Encountering cultural leaders of the past with fresh eyes often reveals pitfalls that we have not noticed or forgotten. Tastes change, styles don’t last, and what seems fresh and insightful in the moment can now feel old and frustrating.

The live musical adaptation of Saturday Night Fever, the iconic late ’70s disco movie musical featuring unforgettable songs by The Bee Gees, which premiered this weekend at the Laguna Playhouse, clearly doesn’t live up to the memory challenge.

Saddled with a tiresome book and three additional songs not taken from the original film, the production’s uneven pace takes its toll over a long 2 ½ hours. The energy generated by remarkable performances or swinging dance moments is slowed to a crawl by lengthy scene changes with blackout.

And while the signature white suit makes an appearance, there’s no illuminating staging, let alone a dance floor, to show off the moves.

However, there are some things to like about the display.

Casting a Tony Manero — color messenger by day, dance floor by night — seems like an impossibility given John Travolta’s perennially long shadow, but for a non-equity vehicle, casting Dorian Quinn feels like something within reach coup approaching.

Since dancing is all Tony needs to stay alive in the cul-de-sacs of 1977 Brooklyn, everyone needs Tony chops and Quinn is not only comfortable with the dance requirements, but uses his large stature as an advantage, making the operations frequent eclipses , in this case a very good thing.

Visually, it reminds a little more of a fit Elvis – which is never wrong – than a Travolta. The audience’s murmurs of approval at the beginning of the play, when the actor shows more skin than costume, certainly shows that Manero’s inherent sex appeal has been ticked.

As his dance partner, Natalie Kastner’s aspiring Stephanie – looking for the better life across the bridge in Manhattan – is a suitable battle and dance partner for Tony. In particular, her suburban accent was brilliantly present, underscoring the actresses’ ability to push back and purposefully establish her character’s independent identity.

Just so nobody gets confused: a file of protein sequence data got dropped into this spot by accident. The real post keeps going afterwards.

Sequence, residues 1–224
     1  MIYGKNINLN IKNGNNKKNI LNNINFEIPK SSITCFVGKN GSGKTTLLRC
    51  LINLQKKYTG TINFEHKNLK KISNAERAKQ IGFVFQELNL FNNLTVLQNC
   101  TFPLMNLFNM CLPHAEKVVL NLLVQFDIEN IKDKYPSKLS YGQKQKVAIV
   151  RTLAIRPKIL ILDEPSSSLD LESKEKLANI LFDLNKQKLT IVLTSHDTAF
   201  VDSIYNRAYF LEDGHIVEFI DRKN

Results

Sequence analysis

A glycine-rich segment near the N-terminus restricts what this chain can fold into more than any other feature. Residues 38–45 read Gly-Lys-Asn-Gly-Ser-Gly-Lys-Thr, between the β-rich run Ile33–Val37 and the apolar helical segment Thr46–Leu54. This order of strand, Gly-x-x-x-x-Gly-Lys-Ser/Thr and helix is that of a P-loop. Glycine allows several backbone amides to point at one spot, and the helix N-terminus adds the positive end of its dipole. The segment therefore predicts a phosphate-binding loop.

Singing is not always a strong point in this troupe. Vocally, Dwan Hayes dominates as the waitress and occasional co-host in 2001’s Odyssey, the nightclub where the most memorable scenes take place. Hayes’ biography features a number of strong singing roles, and she highlights key numbers – accompanied by more miss than hit recordings of instrumental tracks – such as “Disco Inferno”, “Nights of Broadway” and “More Than a Woman”.

Some of the breaks on this show are absolutely puzzling. Tony’s brother, who has renounced the priesthood, and his sister are virtually non-entities in this production, and the bitter labor of Tony’s struggling Italian-American family is time-consuming and ineffective.

Most confusing is the lack of an exact number of deaths towards the end of the show. Flashlight with high beam intentionally hides from the audience whether it is one or two people falling off a bridge. Subsequently, there is only one monument to one male character, while the other, the hapless Annette (Daniella Castoria), who was prominently rebuffed by Tony in a prominent subplot arc, disappears from the rest of the show without further mention.

At least a few scenes stick to one in a good way. Perhaps the most indelible stage work is the opening dance scene in Act II, choreographed by Karen Babcock Brassea, who also directs the show.

With an elegiac vocal reading by Hayes, this slowed-down version of “Nights of Broadway” is stylized into a balletic ensemble piece, and for a moment or two the show captivates and captivates us with something verging on theatrical magic.

A little more magic would be desirable.

‘Saturday Night Fever’

Valuation: 2 ½ stars

Where: Laguna Playhouse, 606 Laguna Canyon Rd, Laguna Beach

When: Until Sunday, July 17; 7:30pm Wednesday to Friday, 2pm and 7:30pm Saturday; 1 p.m. and 5:30 p.m., Sundays. Additional performances 7:30pm Tuesday 5th July and 2pm Thursday 14th July. No performance at 7:30pm Wednesday 13 July.

Tickets: $55-$95

Information: 949-497-2787; lagunaplayhouse.com

COVID-19 Protocols: The Laguna Playhouse no longer requires vaccine or test checks to attend performances. Masking is optional at the discretion of the participant. This policy is subject to change without notice and may not apply to every performance.

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